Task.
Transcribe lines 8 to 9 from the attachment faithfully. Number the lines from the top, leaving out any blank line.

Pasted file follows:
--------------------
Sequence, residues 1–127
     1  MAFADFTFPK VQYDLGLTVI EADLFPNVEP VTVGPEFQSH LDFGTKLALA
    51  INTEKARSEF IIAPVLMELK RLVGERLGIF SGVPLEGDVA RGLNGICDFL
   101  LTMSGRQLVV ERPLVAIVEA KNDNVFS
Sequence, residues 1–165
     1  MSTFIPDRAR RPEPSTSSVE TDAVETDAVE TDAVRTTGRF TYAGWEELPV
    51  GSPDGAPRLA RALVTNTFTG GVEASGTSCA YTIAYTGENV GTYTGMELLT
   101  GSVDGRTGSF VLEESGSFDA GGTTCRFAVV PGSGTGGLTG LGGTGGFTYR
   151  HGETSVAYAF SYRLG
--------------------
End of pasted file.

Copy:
   101  GSVDGRTGSF VLEESGSFDA GGTTCRFAVV PGSGTGGLTG LGGTGGFTYR
   151  HGETSVAYAF SYRLG